Note: this review contains spoilers for all currently aired episodes of Pitch.
I’ll give Pitch this, they certainly know about the ebbs and flows of the real baseball season. Following the All-Star Break (early July), this episode is all about the trade deadline (July 31). Everyone in the Padres clubhouse is on pins and needles leading up to the big day, because in baseball, nothing is a certainty, and come trade time, almost anyone is fair game.
The show focused heavily on Mike having a no-trade clause (but did not mention he’d also be a 5/10 player–meaning he’s been with the Padres at least 5 years and in the majors for 10, and as such can’t be traded without his consent), so he was safe, but everyone was fretting seriously over Blip.
The trade deadline plot was great for some characters (Oscar and Blip decidedly got the meatiest performances out of this) and less awesome for others, specifically Ginny. When she calls Amelia’s assistant to ask him about his fantasy team, and whether he thinks Blip might get traded, she outright says she has “no idea what he’s talking about” when he suggested some big-league roster moves that might occur. For Ginny, who has been surrounded by baseball her whole life, I simply don’t believe she wouldn’t understand this kind of basic logistic rosterbating. She would know this stuff. Equally unrealistic was the Katie Nolan background preamble that opened the episode, explaining the trade deadline, but I get that this was necessary for exposition to ease non-fans into the tension of the plot.
We’re also introduced to the new President of Baseball Operations, Charlie, a peppy younger guy played by Kevin Connolly. He’s meant to be a bit of a foil to Oscar, forcing him to cut $2 million from payroll while also building a contending team, which as most armchair managers know, is nigh on impossible. Oscar, fighting an impacted tooth, is thrown together with Ross, played by Josh Peck, a young analyst who got the job out of family connections. Ross, as far as I can tell, is only around to explain things to people in the audience who don’t know how baseball works, and that’s fine. Peck is reprising a role he played on a failed Amazon pilot about football, as someone in a position he didn’t necessarily earn, who accidentally does his job well. Mark Consuelos, meanwhile, has his best performance to date in this episode when he rips Ginny a new one for overstepping her bounds about Blip (also, omg Amelia, what were you thinking suggesting a rookie pull this shit?) His speech about baseball players and trades was phenomenal, and definitely the highlight of the episode.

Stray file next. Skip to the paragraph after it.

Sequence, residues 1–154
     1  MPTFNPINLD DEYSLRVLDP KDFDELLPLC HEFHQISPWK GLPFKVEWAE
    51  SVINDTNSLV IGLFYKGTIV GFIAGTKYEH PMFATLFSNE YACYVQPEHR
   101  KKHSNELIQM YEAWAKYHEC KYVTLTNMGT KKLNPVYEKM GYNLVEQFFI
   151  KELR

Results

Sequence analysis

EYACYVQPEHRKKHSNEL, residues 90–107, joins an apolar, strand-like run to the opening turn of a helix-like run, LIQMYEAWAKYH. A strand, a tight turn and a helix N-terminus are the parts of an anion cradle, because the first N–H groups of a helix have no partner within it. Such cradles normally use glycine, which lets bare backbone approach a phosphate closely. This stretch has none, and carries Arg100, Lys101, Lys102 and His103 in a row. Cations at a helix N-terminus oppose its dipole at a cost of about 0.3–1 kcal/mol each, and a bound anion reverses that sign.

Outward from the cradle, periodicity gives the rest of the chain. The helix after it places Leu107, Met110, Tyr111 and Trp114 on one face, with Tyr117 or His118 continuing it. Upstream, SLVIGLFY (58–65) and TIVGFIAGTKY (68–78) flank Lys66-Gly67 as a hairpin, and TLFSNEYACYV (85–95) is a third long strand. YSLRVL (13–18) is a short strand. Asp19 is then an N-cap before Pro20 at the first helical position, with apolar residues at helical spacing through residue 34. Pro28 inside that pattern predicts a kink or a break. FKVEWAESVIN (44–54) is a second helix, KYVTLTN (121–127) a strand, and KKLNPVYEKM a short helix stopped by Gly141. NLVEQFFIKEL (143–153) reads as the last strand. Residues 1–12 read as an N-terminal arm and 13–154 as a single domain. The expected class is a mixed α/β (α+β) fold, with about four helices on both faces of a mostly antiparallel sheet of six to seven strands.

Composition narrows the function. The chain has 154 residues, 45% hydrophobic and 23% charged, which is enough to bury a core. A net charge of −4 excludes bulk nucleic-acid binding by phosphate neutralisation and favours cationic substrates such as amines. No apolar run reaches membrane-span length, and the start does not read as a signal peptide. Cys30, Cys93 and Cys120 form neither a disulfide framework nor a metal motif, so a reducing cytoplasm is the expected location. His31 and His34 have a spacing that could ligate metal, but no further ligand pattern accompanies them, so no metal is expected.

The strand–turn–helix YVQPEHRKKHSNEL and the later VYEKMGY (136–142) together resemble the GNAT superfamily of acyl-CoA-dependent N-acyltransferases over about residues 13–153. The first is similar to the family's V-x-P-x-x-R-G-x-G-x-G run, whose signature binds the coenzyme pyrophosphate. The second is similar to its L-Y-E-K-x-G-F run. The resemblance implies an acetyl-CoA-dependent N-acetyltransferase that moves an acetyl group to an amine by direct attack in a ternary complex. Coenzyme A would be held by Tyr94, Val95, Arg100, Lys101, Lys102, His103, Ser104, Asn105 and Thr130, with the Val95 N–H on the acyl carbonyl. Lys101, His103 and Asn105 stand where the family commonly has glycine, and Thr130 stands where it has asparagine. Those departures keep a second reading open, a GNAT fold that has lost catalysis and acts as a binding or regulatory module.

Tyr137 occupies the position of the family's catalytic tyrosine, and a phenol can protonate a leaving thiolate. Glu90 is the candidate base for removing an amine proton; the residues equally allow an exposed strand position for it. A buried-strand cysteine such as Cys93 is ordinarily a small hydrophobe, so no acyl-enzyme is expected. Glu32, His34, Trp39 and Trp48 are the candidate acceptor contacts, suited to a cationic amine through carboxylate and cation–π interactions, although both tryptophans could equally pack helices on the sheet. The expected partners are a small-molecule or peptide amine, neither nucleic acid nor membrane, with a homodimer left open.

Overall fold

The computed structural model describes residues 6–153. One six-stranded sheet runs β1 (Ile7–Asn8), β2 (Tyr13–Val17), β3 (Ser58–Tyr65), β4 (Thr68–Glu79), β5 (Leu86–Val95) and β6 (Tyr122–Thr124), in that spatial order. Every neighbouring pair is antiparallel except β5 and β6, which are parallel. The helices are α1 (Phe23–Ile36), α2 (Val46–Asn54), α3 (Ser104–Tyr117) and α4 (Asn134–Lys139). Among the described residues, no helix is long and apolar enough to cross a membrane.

There were two sub-par side plots this week, one dealing with a friendship from Ginny’s past, and revelations about her father’s death. Snore. The other was more Mike/Amelia drama, where I’m probably supposed to care that they’re getting more serious, but they’re just undermining Amelia’s toughness by turning her into a flighty girl with a crush and a mouth-guard (I am not making this up). Also Mike calls her a groupie by accident then tries to make it better by giving her a car. Wow.
This wasn’t the strongest episode to date, but still very watchable. I like the small details, like how Oscar’s working payroll is almost EXACTLY what the Padres real $126 million payroll is. They’re building up some future drama with Charlie wanting Mike gone to make room for younger players, but with his no-trade clause and the aforementioned 5/10 rule, that’ll be all up to Mike. Should be interesting. (I don’t see him going anywhere. He’s old-guard, he’d want to retire a Padre). I would have liked more out of the flashback, but they can’t all be winners.
Pitch airs on Fox Thursday at 9/8c. You can catch the episodes the following day on Hulu or Fox Online.